This poor old blog has been a bit neglected of late, but that’s because so much has been going on that it’s been hard to get to it. One of the local events that has taken up some of my attention recently was the Parisot Literary Festival, which took place last weekend. My impression is that it was a great success.
Last year, I was on the organising committee of this Anglo-French event. This year, I was on the other side of the fence as an author. More of that in a moment.
This was the 2nd edition of the festival. Many of the authors live in, or have a connection with, SW France. Last year, the weather was abysmal. This year was quite the opposite. That’s not necessarily a good thing. In theory, good weather can encourage people to stay at home and do the gardening. In practice, I’m glad to say that the turnouts seemed to be even higher than in 2013.
In the hot seat
After a couple of events on Friday afternoon/evening, I kicked off proceedings on Saturday morning. I had been invited to talk about my historical novel, The House at Zaronza, how it came about and how it got published. Unusually for me, I had prepared well in advance and even practised my talk a couple of times. I’m normally a seat of the pants kind of person, which is not good for the nerves.
My session seemed to go well. A lot of people turned up (some of them friends under a three-line whip), seemed to be interested in what I said, asked a lot of questions and then bought my book. What more could I ask for? Perhaps a better photographer next time. The one above is the only one of the eight or so the SF took that is worthy of reproducing. Never mind, he’s good at statistics.
After that, I was free to enjoy the rest of the weekend. And it was a cracking programme, even better than last year’s, I think. My only regret was that I couldn’t go to some of the events that ran in parallel.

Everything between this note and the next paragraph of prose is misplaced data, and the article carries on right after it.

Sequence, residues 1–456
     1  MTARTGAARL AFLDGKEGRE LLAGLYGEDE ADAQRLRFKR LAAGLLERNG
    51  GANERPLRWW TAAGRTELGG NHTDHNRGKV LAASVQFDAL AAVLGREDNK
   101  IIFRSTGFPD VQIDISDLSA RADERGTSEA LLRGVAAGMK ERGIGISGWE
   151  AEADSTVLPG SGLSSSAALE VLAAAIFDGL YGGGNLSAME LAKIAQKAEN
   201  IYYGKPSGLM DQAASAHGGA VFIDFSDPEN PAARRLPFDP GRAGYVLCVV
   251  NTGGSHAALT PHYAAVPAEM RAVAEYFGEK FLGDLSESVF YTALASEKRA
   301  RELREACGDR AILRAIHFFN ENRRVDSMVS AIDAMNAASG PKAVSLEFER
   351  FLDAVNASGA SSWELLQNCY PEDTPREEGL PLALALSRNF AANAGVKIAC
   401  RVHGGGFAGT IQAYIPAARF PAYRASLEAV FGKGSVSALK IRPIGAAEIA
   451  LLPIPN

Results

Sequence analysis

In the afternoon, Amanda Hodgkinson came back to Parisot to talk about her books, including her novel Spilt Milk, which was published earlier this year.
A dinner with the authors at the local restaurant closed the day. By virtue of speaking French, I suppose, I was placed on a table with French authors. They included Daniel Crozes, whose novels based in the Aveyron are well known. I sat next to a former member of the Brigade Criminelle in Toulouse, Patrick Caujolle, who writes detective novels and poetry. He and I had a lively discussion about local history and place names.
On Sunday morning we headed for the salle des fêtes for a cookery demonstration. You might remember a UK TV series during the 1970s called Poldark. Heartthrob actor Robin Ellis played the lead. He now lives in the Tarn with his American wife Meredith and writes healthy living cookbooks, since he was diagnosed with Type 2 diabetes 15 years ago.
Robin not only cooked but also regaled us with anecdotes from his acting life. He made a delicious pumpkin soup with a hint of cumin and cayenne and no-potato salmon fishcakes with yogurt sauce. We all got a taste.
A taste of history
Next up: Clive Ponting, former whistleblowing civil servant (the sinking of the Belgrano) and academic, who has written a number of books on modern history and now lives in the Aveyron. He talked about the origins and continuing impact of World War I. His was probably the most popular talk of the whole festival and inspired a lot of discussion.
Finally, we heard Tracey Warr, who writes novels set in the early Middle Ages. Her first novel, Almodis the Peace Weaver, is about a true character who was the great-grandmother of Eleanor of Aquitaine, married three times, had 12 children and was a formidable ruler in her own right. Tracey told us about the enormous amount of research she had done to write the book – and her second, The Viking Hostage.
Having been involved last year, I know how much effort and preparation goes into the running of an event like this. No doubt there were hairy moments behind the scenes, but it appeared to run like clockwork. If the team can keep up this standard next year, this event really will be on the map.
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